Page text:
Aug. 5 2020
The sun and humidity were not the only reasons that brought the heat in the month of July. The heat was also generated by the Senate through a controversial bill. As the Legislature continues to wait for tax revenue numbers and aid from the federal government in order to build a budget, other matters were taken up including COVID-19 spending, transportation, economic development, infrastructure, and a police reform bill.
Anticipating federal reimbursement for COVID-19 spending, the Senate passed a 2020 supplemental budget authorizing $1.1 billion to help with costs incurred from the virus. Some of the spending include protective equipment, support for frontline workers, and aid for small businesses. In an effort to protect our children, I was able to secure $250,000 for the schools in my district to install water dispensers.
Massachusetts transportation system was first in the nation and eighth in the world for congestion. Transportation was the bottleneck to the economy’s growth and will be for the recovery. The Senate passed a $16.9 billion-dollar bond bill addressing rail and highway improvements among others. As part of the bill, I was successful in securing $7.5 million dollars for various projects in the district.
COVID-19 and the shutdown of non-essential businesses devastated our economy. The state’s unemployment rate climbed to 17.4%, the highest in the country. In an effort to resurrect the economy, the Senate passed an economic development bill that would invest $375 million dollars to encourage new development and usher in a recovering. I was able to secure five projects totaling $500,000 for the district.
The Senate also passed a $1.7 billion-dollar obligation bond for capital investment to the state’s infrastructure including public safety, information technology, programs and services, agencies, institutions, and properties. As part of this bond bill, I was able to secure $500,000 dollars for projects in the district.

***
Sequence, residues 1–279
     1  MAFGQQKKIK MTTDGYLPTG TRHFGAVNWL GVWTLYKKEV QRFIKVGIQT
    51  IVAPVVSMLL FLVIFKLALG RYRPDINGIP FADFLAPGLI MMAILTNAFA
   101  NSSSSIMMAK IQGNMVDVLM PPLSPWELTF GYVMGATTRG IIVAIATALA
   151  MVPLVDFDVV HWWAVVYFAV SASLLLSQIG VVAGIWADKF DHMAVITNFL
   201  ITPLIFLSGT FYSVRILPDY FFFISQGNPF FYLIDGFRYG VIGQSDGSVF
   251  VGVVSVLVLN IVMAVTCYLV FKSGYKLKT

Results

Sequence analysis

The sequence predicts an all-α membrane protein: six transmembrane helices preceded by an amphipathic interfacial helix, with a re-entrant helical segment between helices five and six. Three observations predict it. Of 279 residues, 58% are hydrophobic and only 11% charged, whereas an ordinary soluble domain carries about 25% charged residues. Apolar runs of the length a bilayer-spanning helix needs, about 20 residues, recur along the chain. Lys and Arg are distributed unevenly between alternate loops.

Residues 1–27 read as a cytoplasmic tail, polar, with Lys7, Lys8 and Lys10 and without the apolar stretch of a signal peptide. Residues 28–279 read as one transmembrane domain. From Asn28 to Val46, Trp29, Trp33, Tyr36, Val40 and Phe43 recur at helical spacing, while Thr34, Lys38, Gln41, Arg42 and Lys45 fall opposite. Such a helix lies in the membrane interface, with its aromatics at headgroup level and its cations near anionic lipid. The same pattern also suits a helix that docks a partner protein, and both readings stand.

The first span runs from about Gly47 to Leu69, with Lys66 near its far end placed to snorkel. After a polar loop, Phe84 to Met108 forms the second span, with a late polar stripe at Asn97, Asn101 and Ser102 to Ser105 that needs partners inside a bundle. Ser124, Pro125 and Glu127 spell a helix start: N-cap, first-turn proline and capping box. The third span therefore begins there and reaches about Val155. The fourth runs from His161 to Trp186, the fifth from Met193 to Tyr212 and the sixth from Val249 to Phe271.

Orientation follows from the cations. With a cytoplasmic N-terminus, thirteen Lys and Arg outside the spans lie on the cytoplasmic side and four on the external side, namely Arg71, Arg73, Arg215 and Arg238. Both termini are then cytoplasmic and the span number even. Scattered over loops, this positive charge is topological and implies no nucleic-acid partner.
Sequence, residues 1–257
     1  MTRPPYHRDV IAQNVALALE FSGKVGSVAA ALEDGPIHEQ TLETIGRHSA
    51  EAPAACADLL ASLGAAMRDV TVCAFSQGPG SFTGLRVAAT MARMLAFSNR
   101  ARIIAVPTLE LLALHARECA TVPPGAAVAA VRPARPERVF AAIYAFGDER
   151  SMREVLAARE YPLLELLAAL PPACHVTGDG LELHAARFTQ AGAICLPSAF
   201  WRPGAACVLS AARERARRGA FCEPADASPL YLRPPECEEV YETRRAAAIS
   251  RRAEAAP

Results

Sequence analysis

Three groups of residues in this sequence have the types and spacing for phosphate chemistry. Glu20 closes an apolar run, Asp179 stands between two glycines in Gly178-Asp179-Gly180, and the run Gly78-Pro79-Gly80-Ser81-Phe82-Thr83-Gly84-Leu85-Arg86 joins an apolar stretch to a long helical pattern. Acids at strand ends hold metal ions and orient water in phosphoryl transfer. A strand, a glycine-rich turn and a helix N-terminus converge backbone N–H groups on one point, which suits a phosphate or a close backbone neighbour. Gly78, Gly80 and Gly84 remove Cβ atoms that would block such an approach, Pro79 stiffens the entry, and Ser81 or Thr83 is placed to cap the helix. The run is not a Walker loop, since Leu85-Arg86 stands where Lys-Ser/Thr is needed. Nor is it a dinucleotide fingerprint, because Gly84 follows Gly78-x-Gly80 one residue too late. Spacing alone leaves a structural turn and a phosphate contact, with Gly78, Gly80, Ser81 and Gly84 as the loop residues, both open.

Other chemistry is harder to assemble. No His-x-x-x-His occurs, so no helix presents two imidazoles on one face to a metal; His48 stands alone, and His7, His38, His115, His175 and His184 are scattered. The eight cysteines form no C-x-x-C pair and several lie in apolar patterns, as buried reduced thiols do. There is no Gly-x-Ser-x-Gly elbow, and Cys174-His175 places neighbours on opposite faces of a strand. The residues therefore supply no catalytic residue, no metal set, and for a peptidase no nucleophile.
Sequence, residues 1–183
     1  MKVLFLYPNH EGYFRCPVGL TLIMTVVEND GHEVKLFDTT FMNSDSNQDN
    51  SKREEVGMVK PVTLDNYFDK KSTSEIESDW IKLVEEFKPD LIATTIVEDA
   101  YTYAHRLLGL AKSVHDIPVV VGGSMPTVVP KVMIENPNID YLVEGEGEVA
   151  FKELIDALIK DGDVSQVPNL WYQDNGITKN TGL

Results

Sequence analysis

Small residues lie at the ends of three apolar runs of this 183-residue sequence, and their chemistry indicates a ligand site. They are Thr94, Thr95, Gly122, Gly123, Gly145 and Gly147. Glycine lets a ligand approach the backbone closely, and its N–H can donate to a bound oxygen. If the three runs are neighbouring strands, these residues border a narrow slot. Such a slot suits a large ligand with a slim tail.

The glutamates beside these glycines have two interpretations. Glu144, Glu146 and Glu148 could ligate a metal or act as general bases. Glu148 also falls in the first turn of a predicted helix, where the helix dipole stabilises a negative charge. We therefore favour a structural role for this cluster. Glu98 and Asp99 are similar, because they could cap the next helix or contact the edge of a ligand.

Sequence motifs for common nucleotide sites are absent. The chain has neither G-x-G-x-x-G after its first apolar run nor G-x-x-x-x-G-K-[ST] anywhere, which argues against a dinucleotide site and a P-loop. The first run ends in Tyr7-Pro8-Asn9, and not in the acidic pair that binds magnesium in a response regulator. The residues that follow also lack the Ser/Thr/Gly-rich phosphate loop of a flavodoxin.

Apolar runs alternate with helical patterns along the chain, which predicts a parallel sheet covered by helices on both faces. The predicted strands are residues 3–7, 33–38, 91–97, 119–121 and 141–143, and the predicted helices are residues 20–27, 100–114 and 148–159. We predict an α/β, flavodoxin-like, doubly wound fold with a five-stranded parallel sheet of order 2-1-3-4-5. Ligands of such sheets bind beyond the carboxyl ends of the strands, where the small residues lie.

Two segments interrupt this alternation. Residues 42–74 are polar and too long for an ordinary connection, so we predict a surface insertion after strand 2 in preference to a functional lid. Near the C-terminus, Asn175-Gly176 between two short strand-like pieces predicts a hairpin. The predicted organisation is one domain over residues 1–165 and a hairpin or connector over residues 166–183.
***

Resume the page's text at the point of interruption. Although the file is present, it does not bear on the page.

As the country continues to address the racial division taking place across the country as a result of deaths involving the police, here, in Massachusetts, the Senate took it upon itself to pass a police reform bill. The bill meant to “reform, shift, and build a more equitable, fair and just Commonwealth that values Black lives and communities of color”.
Deep under the covers of the bill, the intent is realized. The police reform bill, all 172 pages of it, was rushed through the Senate and voted on at 4:13am. The bill did not include any law enforcement professional or expert in the dialogue and crafting of it. The main contention of the bill is with a provision that allows an individual to civilly sue a public employee. This is a dangerous provision for public safety as it creates hesitation in our public employees, especially our first responders, ability to perform their duties. I am proud to have voted against this bill which lacked transparency and public input.
Massachusetts is a great state to live, work, and raise a family but the politics is less to be desired. Politicians are elected to listen and serve the people. Meaningful and relevant legislation should be developed and passed with input from all stakeholders and not be driven by politics and ideologies. As always, please do not hesitate in contacting my office on any issue.
Senator Dean A. Tran